Gov. Pete Ricketts takes voter ID show on the road with town halls
Petition organizers worry they might not get the 124k signatures they need in time
Gov. Pete Ricketts speaks to people in Wayne, Nebraska, who gathered to hear more about a petition drive the governor supports that would require people present ID in Nebraska to vote. (Aaron Sanderford/Nebraska Examiner)
WAYNE, Nebraska — Nebraska Gov. Pete Ricketts and supportive state senators are hosting town hall meetings this week aimed at boosting a petition drive for requiring ID to vote.
Fourteen of the 18 people who attended Tuesday’s meeting in Wayne signed the petition to put the proposed constitutional amendment on the ballot. Another handful of people also stopped in to sign.
But the governor remains unsure of whether petition circulators will secure the 124,000 signatures they must turn in by July 7 to get the voter ID amendment on the ballot this November.
“I think there is still work to be done,” Ricketts said. “I think it’s been a challenging year to be able to get signatures.”
Firms that hire paid petition circulators are facing the same problems that Nebraska businesses face: Hiring workers is harder when the state is posting record-low unemployment numbers, he said.
Ricketts and State Sen. Joni Albrecht of Thurston, who attended Tuesday’s meetings, said in separate interviews that the Nebraskans they’re talking to on behalf of Citizens for Voter ID want to require ID to boost belief in the integrity of voting.
In downtown Wayne, 18 people gathered midafternoon near the back of the Majestic Theater, within eyeshot of the screen where “Thor: Love and Thunder” is playing soon.
Several asked questions about how a voter ID requirement would work. Ricketts said the Legislature would decide how to implement the system if voters approve the change.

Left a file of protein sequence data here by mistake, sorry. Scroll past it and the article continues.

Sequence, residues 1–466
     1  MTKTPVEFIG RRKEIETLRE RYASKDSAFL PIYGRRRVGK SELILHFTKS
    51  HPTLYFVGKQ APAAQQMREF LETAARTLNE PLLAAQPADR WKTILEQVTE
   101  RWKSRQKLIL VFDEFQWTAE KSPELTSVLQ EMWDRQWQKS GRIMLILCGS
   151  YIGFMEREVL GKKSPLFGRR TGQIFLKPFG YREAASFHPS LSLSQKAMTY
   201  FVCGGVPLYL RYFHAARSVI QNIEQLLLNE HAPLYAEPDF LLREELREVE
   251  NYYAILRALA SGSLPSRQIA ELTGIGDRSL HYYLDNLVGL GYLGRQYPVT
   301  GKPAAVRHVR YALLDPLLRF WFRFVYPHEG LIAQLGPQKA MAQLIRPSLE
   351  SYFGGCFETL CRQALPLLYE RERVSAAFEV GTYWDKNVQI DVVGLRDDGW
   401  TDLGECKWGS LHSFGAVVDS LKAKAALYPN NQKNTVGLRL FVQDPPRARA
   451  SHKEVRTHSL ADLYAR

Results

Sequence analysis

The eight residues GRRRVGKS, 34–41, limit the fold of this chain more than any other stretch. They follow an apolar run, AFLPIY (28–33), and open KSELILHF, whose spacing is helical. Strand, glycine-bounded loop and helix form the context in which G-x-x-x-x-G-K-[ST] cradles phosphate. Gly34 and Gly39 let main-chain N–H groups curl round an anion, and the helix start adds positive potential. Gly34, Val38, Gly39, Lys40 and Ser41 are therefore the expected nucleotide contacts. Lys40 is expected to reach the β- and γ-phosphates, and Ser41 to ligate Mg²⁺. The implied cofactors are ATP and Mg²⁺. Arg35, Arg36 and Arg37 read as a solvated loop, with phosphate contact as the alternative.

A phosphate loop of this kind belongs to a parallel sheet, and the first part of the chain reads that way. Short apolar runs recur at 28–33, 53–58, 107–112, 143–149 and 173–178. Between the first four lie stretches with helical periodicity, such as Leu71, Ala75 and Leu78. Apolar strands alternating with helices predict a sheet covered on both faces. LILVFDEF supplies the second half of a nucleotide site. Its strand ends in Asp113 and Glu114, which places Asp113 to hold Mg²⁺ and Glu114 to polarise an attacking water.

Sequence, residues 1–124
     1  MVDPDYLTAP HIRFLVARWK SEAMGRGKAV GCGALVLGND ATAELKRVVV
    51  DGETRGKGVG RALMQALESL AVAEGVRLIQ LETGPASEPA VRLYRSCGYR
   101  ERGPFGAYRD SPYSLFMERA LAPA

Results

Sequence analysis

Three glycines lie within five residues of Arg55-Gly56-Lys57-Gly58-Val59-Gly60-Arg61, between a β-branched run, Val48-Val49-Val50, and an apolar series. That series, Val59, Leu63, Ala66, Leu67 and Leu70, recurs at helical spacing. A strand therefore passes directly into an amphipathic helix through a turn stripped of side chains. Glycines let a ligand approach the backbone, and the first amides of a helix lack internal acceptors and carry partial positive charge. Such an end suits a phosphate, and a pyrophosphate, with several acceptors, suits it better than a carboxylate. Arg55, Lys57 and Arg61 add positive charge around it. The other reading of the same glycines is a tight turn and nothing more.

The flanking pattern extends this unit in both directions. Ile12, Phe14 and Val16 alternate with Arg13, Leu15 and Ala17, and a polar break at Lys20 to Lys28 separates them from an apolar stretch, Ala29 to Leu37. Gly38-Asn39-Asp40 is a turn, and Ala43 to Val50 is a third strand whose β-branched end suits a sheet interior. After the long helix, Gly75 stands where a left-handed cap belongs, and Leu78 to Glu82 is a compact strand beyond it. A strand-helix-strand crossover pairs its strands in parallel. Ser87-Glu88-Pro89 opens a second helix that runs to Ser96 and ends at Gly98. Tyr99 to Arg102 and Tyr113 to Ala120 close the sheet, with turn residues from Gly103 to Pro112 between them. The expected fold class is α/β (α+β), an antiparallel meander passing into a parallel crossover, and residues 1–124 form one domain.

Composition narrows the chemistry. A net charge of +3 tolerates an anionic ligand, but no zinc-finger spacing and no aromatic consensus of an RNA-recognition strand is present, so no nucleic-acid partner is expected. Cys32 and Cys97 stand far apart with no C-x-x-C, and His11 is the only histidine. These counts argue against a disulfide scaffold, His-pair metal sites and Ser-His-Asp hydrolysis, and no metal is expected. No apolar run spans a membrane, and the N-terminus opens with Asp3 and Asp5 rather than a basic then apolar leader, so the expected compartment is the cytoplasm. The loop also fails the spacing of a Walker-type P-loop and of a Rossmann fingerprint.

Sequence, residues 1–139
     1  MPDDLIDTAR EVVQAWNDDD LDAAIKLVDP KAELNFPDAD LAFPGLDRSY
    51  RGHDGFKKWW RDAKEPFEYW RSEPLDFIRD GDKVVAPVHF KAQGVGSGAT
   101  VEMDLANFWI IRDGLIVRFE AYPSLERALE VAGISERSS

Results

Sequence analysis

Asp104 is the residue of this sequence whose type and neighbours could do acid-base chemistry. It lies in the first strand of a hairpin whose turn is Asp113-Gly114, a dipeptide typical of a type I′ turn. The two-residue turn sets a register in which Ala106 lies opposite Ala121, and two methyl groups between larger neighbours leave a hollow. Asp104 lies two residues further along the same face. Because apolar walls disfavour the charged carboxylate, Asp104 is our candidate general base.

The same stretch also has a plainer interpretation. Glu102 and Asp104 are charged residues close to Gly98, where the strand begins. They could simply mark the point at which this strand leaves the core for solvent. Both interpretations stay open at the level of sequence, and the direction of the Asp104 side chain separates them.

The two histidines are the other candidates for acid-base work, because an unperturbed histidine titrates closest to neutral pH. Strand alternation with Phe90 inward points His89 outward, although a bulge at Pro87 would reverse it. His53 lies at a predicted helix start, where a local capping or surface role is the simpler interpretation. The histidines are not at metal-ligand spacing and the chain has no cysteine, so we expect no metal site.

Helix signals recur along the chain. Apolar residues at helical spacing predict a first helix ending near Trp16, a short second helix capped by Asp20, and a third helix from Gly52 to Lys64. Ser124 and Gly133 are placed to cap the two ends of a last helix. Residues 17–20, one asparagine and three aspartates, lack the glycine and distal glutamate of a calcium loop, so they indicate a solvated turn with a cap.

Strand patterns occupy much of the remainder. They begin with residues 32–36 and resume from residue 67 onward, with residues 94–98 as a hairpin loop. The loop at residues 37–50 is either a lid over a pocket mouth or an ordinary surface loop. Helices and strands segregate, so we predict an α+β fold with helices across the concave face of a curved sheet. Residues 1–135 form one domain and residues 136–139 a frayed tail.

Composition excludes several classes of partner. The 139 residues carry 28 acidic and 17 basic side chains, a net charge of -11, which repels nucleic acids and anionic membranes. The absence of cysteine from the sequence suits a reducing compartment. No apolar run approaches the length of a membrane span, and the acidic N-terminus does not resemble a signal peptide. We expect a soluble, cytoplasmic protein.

Many, including local financial adviser George Phelps, expressed interest in seeing elections made more secure. He said he’d like to make it easier for people to believe in election results.
“We have to have an ID for almost anything we do,” Phelps said. “If we don’t have integrity and voting integrity, then it’s a really difficult thing for our constitution.”
One attendee asked how the state would help poor people and the elderly avoid being disenfranchised from voting if they lack a state-issued ID card or active driver’s license.
“It’s sounding like a lot of rules would be implemented after,” she said after the event, declining to give her name. “A lot of people would need to be informed.”
Ricketts and Albrecht said the Legislature has heard similar concerns across the state and said they would make sure people who need help to pay the fees for an ID card get it.
“We’re going to do whatever it takes to make sure that everybody has a state ID, as they should,” Albrecht said.
Voting rights advocates, including Civic Nebraska, have argued that restricting voting to people with state-issued ID cards and driver’s licenses risks keeping thousands of Nebraskans from being able to cast ballots. They have also argued that the costs of implementing voter ID could top $1 million a year.
Steve Smith, a spokesman for Civic Nebraska, said Nebraskans don’t need to change the state constitution to make elections secure.
Voters already provide IDs when they register to vote, Smith said, and they sign affidavits when they sign in to vote in person or when they cast ballots by mail.
“This process works,” Smith said. “It’s safe, it’s secure and it has the force of law behind it. There is no evidence of voter impersonation occurring in Nebraska, and our elections are well-run.”
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